The Defense Institute of Security Assistance Management celebrates its 25th anniversary and the grand opening of its new facilities. (Community).
DISAM has its roots in a number of studies completed in the mid-1970s. As a result of the studies, it was determined that there was a need for the U.S. government to improve its process for transferring defense articles and services to other countries, a program also known as security assistance. It was also determined that an institute should be established that would be dedicated to bringing about such improvements. In 1976, Wright-Patterson Air Force Base was selected as the site for the institute and the Department of the Air Force was designated as the executive agency. In accordance with a Department of Defense Directive, DISAM was founded to serve as the centralized Department of Defense institute for the consolidated professional education of personnel involved in security assistance management, armaments cooperation, and associated programs.
A pilot course was conducted in February 1977, and in October 1978, the Conus and Overseas Courses were formally scheduled, serving as a foundation for all current DISAM courses. On 1 October, 1998, DISAM was officially transferred to the Defense Security Cooperation Agency and became a directorate of DSCA. In September 2001, DISAM was fully accredited by the Council on Occupational Education.
DISAM provides both in-resident and non-resident courses. In-resident courses have graduated over 36,000 students in the last twenty-five years. An additional 10,000 students have graduated from mobile training teams, on-site courses, and distance learning courses. Of the nearly 50,000 students who have graduated from DISAM courses, nearly 4,000 have been international students from 159 countries. This is a significant accomplishment and demonstrates the impact DISAM has worldwide on the U.S. government's international programs.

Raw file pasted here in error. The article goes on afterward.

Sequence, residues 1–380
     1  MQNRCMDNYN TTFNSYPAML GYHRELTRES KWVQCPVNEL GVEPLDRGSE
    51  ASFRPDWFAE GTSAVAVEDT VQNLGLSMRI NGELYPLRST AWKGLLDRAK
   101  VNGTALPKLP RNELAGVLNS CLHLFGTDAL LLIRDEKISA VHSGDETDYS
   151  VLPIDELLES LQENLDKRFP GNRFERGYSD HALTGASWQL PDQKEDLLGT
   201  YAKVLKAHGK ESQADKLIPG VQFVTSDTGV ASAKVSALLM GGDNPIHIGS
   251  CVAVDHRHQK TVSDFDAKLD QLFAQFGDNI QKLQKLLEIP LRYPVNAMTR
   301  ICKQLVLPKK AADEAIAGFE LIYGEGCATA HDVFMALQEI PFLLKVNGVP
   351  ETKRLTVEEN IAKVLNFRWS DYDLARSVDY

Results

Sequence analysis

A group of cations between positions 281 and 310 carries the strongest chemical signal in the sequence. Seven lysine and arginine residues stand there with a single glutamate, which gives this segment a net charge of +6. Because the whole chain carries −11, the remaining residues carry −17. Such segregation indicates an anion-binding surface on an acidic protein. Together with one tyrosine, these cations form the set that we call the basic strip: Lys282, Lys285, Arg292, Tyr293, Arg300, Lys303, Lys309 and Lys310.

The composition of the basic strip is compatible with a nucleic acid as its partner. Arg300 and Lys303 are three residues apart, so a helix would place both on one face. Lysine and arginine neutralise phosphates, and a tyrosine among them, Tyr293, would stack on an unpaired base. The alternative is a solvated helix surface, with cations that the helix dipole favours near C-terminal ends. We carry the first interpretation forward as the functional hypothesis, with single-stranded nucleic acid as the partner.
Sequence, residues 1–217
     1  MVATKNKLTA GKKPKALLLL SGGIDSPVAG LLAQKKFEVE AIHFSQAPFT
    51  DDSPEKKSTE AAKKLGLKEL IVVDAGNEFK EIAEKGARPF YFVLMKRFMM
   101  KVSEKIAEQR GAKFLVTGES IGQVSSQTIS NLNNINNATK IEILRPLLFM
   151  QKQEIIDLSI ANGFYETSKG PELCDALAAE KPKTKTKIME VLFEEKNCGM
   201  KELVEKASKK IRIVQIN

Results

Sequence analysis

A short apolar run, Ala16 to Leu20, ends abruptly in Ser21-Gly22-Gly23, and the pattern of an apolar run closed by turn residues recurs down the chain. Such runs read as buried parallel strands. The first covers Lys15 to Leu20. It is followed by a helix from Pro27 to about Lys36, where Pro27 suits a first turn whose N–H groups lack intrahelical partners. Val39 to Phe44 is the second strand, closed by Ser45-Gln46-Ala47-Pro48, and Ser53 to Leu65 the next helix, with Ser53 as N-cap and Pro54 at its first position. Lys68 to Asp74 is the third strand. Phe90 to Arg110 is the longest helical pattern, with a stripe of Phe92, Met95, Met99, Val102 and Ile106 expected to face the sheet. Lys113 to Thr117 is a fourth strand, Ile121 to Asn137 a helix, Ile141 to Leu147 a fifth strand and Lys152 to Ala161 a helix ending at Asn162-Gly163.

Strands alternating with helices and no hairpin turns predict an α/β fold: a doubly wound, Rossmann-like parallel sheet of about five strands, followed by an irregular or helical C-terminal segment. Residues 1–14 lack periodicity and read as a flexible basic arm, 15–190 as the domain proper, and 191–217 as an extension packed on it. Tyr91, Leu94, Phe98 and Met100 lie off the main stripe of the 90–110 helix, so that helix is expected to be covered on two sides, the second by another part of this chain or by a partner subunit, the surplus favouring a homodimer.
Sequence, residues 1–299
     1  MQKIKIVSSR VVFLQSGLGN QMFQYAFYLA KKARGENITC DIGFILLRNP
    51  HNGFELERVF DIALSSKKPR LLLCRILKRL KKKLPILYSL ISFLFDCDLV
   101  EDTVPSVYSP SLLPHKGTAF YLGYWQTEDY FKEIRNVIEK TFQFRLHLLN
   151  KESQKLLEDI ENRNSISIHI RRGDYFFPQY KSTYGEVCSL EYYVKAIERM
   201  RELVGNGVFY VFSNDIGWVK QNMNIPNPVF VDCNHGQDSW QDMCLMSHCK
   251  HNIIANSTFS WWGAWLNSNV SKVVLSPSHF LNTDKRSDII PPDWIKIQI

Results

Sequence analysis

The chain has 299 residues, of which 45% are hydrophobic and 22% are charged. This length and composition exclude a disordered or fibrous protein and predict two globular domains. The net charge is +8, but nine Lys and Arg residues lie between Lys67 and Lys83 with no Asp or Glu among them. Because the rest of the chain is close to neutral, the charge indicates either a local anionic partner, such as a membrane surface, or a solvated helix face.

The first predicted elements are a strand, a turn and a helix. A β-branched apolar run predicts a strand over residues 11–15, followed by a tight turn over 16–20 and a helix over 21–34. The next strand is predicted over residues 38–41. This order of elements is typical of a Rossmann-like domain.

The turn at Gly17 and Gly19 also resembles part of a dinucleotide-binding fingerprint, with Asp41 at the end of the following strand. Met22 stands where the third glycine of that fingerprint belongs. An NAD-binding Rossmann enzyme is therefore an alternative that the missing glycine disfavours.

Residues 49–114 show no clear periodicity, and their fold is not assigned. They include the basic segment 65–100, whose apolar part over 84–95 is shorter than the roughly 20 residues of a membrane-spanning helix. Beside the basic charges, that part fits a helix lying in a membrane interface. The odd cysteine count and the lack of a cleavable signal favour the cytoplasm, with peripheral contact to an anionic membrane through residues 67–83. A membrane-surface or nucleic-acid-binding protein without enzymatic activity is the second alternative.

DISAM began the training process in Building 288 in 1977 in Area A at Wright-Patterson AFB. In October 1978 the institute moved to Building 125. The 37,000 square feet allocated to the institute in the new building allowed DISAM to better provide a facility that met the educational requirements of personnel working in the security assistance community. The new home, Building 52, with about 40,000 square feet, has a more advanced computer/LAN internet capability, advanced library services, and improved video teleconferencing connectivity that will serve the security assistance community for many years to come.
Currently, eighteen separate courses are taught by the DISAM faculty, some of which focus on the needs of specific organizations and missions. Others have more fixed curricula, but are continuously updated and tailored to meet customer's needs.
DISAM often employs the use of guest speakers as adjunct faculty members or part-time instructors in its courses. Many guest speakers are government employees with specific areas of expertise, but there are also a full range of non-governmental specialists and consultants. In all cases, these are subject matter experts who provide the students the most up-to-date information.
With the addition of the new facility and twenty-five years of institutional experience and over 350 years of practical and teaching experience among the faculty, DISAM looks forward to providing ever improving education and services for the entire security assistance community. The current facility is nominated for the 2003 United States Air Force Design Award, and to paraphrase Lieutenant General Walters, will serve DISAM well for the next twenty-five years.
About the Author
Lieutenant Dana S. Clay is a Navy Surface Warfare Officer and has been assigned to the Defense Institute of Security Assistance Management since 2000. In addition to being an Assistant Professor of Security Assistance Management, she is also the Anti-Terrorism/Force Protection functional coordinator. She holds a Bachelor of Science degree in marine engineering from the U.S. Merchant Marine Academy and is working on a Masters in Business Administration from the University of Phoenix.
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|Author:||Lieutenant Clay, Dana|
|Date:||Jun 22, 2002|
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